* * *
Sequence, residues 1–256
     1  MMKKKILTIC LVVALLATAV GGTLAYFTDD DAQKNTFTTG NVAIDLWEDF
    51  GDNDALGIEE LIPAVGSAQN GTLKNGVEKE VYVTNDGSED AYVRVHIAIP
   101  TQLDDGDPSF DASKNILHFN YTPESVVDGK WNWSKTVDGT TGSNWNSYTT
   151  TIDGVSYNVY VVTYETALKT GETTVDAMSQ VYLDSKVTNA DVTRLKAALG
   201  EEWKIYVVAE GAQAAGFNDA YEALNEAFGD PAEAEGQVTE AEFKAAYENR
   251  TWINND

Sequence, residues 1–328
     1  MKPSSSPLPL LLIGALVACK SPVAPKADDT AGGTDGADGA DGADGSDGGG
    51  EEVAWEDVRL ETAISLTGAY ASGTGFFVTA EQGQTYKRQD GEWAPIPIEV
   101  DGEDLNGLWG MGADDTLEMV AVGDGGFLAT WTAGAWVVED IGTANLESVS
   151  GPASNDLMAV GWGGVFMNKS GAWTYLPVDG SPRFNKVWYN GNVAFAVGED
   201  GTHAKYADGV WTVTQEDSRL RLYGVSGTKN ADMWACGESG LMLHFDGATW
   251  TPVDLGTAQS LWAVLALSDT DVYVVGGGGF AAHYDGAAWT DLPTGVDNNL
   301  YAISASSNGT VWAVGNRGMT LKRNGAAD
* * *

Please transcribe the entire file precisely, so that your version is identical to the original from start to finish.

Sequence, residues 1–256
     1  MMKKKILTIC LVVALLATAV GGTLAYFTDD DAQKNTFTTG NVAIDLWEDF
    51  GDNDALGIEE LIPAVGSAQN GTLKNGVEKE VYVTNDGSED AYVRVHIAIP
   101  TQLDDGDPSF DASKNILHFN YTPESVVDGK WNWSKTVDGT TGSNWNSYTT
   151  TIDGVSYNVY VVTYETALKT GETTVDAMSQ VYLDSKVTNA DVTRLKAALG
   201  EEWKIYVVAE GAQAAGFNDA YEALNEAFGD PAEAEGQVTE AEFKAAYENR
   251  TWINND

Sequence, residues 1–328
     1  MKPSSSPLPL LLIGALVACK SPVAPKADDT AGGTDGADGA DGADGSDGGG
    51  EEVAWEDVRL ETAISLTGAY ASGTGFFVTA EQGQTYKRQD GEWAPIPIEV
   101  DGEDLNGLWG MGADDTLEMV AVGDGGFLAT WTAGAWVVED IGTANLESVS
   151  GPASNDLMAV GWGGVFMNKS GAWTYLPVDG SPRFNKVWYN GNVAFAVGED
   201  GTHAKYADGV WTVTQEDSRL RLYGVSGTKN ADMWACGESG LMLHFDGATW
   251  TPVDLGTAQS LWAVLALSDT DVYVVGGGGF AAHYDGAAWT DLPTGVDNNL
   301  YAISASSNGT VWAVGNRGMT LKRNGAAD